For an ecosystem to be successful, large established organizations should get involved. This means forming various types of partnerships between startups and corporates, with a focus on goals such as economic development, investment in new opportunities, development of future client base, product acquisition, and supply chain development.
What I have observed in the entrepreneurship ecosystem in Jordan is the tendency to “grade on a curve.” We go overboard in celebrating a startup just because it is better than other local startups. The problem is neither customers nor the global market will lend the same consideration. The risk of over-applauding modest achievements raises risk of complacency amongst entrepreneurs. The economic cost of that is less ambition, less innovation, lower contribution to economic growth, and more difficulty in attracting foreign investors.
Entrepreneurs need to be pressured to think bigger, to be more ambitious and deliver on targets. And if their current startup does not pan out to be viable, we need to encourage them to shut down and launch another. Both succeeding as an entrepreneur and innovation are the result of an iterative learning process. We need to change the culture from shaming failure, to accepting it and seeing it as a necessary part of the process.
Too little cooperation, too much duplication
Despite the small size of the market and how connected it is, there is little effort to collaborate. It is commendable that corporates in Jordan are getting involved in supporting entrepreneurs. However, because some are more interested in receiving recognition for it, they are less open to real collaboration. Furthermore, since self-branding is a key objective, they try to do it in-house rather than utilize specialized entities or fund existing initiatives. All too common are entities elbowing others out of the way and getting territorial about the entrepreneurs they support or fund to maximize recognition for their efforts. Ecosystems that operate with a “me-first” attitude are setting themselves up for failure.
Provide a platform to enhance collaboration, transparency and access to resources. Only with a clear strategy, a dedicated resource to drive implementation, and the right incentives scheme can an ecosystem start taking shape. Increasing collaboration between stakeholders is critical to ecosystem momentum.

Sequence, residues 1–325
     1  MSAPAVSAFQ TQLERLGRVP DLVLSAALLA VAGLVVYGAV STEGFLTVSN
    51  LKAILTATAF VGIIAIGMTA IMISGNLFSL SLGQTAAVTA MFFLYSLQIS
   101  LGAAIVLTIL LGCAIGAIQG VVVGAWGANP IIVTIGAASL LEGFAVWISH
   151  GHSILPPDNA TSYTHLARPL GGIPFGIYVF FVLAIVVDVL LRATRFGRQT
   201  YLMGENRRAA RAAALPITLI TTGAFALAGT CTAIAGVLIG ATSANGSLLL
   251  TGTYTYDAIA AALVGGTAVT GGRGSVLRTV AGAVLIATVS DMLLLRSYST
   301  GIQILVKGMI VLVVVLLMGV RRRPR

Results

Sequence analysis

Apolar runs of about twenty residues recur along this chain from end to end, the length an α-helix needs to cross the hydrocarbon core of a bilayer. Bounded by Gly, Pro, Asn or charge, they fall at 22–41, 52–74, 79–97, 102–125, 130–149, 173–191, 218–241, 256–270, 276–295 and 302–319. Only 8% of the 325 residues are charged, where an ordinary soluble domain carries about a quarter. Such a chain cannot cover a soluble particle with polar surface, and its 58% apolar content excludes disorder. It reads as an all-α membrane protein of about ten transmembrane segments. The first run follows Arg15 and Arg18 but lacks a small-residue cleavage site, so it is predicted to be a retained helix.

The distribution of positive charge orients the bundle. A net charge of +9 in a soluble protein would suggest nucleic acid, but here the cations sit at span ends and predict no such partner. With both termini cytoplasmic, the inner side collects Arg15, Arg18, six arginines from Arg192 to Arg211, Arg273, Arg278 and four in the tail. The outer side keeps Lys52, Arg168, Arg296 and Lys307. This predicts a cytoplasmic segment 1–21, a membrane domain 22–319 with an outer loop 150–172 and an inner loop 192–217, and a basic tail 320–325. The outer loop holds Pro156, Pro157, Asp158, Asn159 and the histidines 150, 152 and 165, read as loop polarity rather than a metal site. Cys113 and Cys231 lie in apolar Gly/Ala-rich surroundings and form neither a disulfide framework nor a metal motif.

Mentorship only goes so far
Mentorship is an excellent way to accelerate entrepreneur development but it is not the only element needed to support entrepreneurs scale their business. Many initiatives in Jordan focus mainly on offering mentorship. However, startups need more than advice and guidance. They also need professionals that can execute certain aspects of the work at times. There is a current gap in the market in this area.
Building up professional services that specifically target the unique needs of startups and are appropriately priced is essential. Corporates keen to support entrepreneurs need to consider allocating funds or setting up initiatives, possibly utilizing their own staff or service providers, to offer such support to startups.
The same faces crop up again and again
There are a handful of people that are appointed on numerous boards and committees of organizations or initiatives supporting ecosystem development. As a result, we see many initiatives addressing the same group of entrepreneurs, using the same methodology. Additionally, these regular “go-to-people” are spread so thin they end up not giving sufficient time to initiatives they are spearheading.
For the benefit of the ecosystem’s well-being and sustainability we need diverse representation. This will allow more varied views, perspectives and approaches to ecosystem development.
Regulatory and legislative roadblocks